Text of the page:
It is impossible to understand Ethiopia without visiting the countryside. In a country of 90 million people, the rural land of Ethiopia is where over 90% of Ethiopians live and catching a glimpse of their way of life is absolutely fascinating.
During my two weeks in Ethiopia as a fellow with the International Reporting Project, my favorite times were when we were outside of the cities and venturing along the bumpy, cattle-filled roads of rural Ethiopia. For me, the countryside is where the true heart and soul of Ethiopia and much of Africa lies. While some of the other fellows used our lengthy drives as time to catch up on much needed sleep, I sat at the edge of my seat with camera in hand, mesmerized by the world around me. A world I had never experienced yet a world I had imagined in my dreams.
My first glimpse of rural life was during our visit to Mosebo Village about a 42 kilometer drive on dirt roads outside of Bahir Dar. We were visiting Mosebo Village to learn about Ethiopia’s Health Extension Centers that have opened up around the countryside in recent years to combat high maternal and child mortality rates. Reaching Mosebo village is not for the faint at heart. It requires a land cruiser, patience, and a bit of adventure to cover the hour and a half drive on bumpy, muddy roads to arrive in Mosebo and see how most Ethiopians live.
The instant we left Bahir Dar and made a righthand turn onto one of Ethiopia’s numerous gravel roads, everything changed. The first thing I noticed is that rural life in Ethiopia centers around these roads. People are everywhere alongside the road walking, resting and passing their day. Herders tend to their cattle in the fields during the days and bring them back to their tukels in the evening. Women perform the daily ritual of collecting water either by donkey cart or with their jerricans on their backs. Children rest alongside the road with friends or siblings. There are very few cars as most rural Ethiopians cannot afford them thus they travel en masse by foot with or without shoes.
Driving in rural Ethiopia is a daunting task. Roads are an obstacle course requiring the driver’s uttermost attention to avoid hitting something or someone. Cattle walk up, down and into the roads as do herders, children and mothers carrying water. Big ruts lie precariously throughout the washed up, muddy gravel roads that if not avoided can do quite a bit of damage to a vehicle and its passengers. If it starts to rain as it frequently does during Ethiopia’s three month rainy season, roads becomes dangerous and impassable.
Rural life is hard yet somehow whenever we passed by in our land cruisers, we always were greeted with waves and smiles. Our caravan of six white land cruisers were practically the only vehicles on the road so it attracted quite a bit of attention.
I was stunned by the pure beauty of the countryside and the immense greenery. Memories as a child of Ethiopia’s horrific drought in 1984 where over a million people died and emaciated Ethiopians filled the pages of National Geographic, I inaccurately believed Ethiopia to be a dried up desert land. These powerful images of my youth gave me an inaccurate, long-lasting perception of Ethiopia. It was only when I drove out through the countryside and saw it for myself, that I realized how incredibly wrong I had been.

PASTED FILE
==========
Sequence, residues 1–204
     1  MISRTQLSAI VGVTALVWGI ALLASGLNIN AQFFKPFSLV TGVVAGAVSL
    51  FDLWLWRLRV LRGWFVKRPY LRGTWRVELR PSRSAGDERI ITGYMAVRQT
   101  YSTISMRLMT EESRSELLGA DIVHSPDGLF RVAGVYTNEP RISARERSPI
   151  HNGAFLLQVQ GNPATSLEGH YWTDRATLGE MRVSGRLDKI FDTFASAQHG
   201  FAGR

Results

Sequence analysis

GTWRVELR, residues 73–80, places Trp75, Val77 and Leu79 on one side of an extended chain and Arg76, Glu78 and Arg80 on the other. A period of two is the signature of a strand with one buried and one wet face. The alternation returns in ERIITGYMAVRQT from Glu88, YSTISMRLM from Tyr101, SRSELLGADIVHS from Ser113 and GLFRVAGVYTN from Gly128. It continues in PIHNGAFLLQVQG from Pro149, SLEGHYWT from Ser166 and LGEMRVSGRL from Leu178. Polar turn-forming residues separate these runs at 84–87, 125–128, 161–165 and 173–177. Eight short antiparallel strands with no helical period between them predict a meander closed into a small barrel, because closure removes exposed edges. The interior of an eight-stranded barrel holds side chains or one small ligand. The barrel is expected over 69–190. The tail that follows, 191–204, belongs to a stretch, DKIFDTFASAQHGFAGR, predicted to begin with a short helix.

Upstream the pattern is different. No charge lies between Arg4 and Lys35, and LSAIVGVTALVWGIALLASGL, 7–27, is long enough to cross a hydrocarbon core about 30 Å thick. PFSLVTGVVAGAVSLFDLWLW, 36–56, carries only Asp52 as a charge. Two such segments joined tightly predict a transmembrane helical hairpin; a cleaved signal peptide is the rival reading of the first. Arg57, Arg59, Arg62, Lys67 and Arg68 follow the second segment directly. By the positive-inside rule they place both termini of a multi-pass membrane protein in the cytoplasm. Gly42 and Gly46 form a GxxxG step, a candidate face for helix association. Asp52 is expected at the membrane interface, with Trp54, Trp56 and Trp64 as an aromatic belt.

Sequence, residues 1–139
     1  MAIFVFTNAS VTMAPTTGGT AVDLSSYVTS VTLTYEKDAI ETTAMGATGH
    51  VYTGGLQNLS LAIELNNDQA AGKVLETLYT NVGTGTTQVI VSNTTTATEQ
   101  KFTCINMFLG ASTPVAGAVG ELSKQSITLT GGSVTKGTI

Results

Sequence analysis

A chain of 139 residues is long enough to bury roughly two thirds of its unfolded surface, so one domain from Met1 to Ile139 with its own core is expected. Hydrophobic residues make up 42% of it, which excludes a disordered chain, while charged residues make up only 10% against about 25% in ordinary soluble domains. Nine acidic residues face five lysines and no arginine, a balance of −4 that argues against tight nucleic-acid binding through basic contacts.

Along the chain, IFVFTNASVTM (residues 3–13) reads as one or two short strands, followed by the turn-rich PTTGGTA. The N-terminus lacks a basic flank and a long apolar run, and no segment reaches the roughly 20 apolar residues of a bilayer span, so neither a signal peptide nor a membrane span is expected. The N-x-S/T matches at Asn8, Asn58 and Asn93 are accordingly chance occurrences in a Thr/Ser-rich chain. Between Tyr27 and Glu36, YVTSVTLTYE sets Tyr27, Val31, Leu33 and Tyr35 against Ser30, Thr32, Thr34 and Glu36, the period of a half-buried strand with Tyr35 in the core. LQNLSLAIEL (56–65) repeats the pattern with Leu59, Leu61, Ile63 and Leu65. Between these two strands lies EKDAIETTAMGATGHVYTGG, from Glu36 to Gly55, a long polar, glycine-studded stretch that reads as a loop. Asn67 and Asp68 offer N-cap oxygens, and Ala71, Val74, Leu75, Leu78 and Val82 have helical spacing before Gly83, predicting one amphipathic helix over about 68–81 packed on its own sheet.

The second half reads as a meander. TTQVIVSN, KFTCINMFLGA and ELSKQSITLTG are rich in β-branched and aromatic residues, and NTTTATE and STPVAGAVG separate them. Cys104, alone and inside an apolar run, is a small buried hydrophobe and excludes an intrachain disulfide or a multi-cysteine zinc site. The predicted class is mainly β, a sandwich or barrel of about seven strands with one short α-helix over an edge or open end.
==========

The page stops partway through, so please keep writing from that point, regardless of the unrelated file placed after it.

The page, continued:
We passed through small villages along the way. These villages were built alongside the road.
As soon as we left the roadside villages, we passed more traditional villages without shops, markets or cars.
A couple of hours later, we reached our destination: Mosebo Village. I have shared my visit at Mosebo Village in this post, “Hope in the Struggle for Ethiopian Maternal and Newborn Care“. Mosebo is a model village which is supported by Save the Children. It has its own Health Post that serves the broader community of approximately 3,700 residents.
After meeting with the Health Extension Workers and interviewing a few new mothers, it was time to enter our first tukel, or traditional house which is made out of mud and grass, and is very basic. There is typically no electricity, no running water and no toilets. A village latrine is located right behind the Health Post. This is how most rural Ethiopians live except many are not as fortunate to have a Health Post that near. Many women walk hours on foot to receive care sometimes even sometimes when they are in labor.
Around three o’clock the skies turned dark and thunder boomed in the distance. It was time to hurry and end our visit to the village if we wanted to make it back before the rains made the roads impassable.
Lack of infrastructure and good roads has been a big contributor to Ethiopia’s high maternal and newborn mortality rate. Although the Ethiopian government is committed to improving roads and launched a $4 billion budget to build, upgrade and repair roads under the Road Sector Development Program (RSDP) *, it is still not enough. Mothers continue to die during labor and childbirth. Ethiopia’s maternal mortality rate is estimated at 420 per 100,000 live births (2013 WHO/UNFPA) which lumps Ethiopia along with India, Pakistan, Afghanistan and Nigeria, as the top five highest maternal mortality rates in the world. Without proper roads and increased access to midwives and health centers, women will continue to die. Hopefully new, improved roads and the government’s commitment to improving maternal and newborn care will improve things for Ethiopians.
This post is based on my reporting trip to Ethiopia with the International Reporting Project.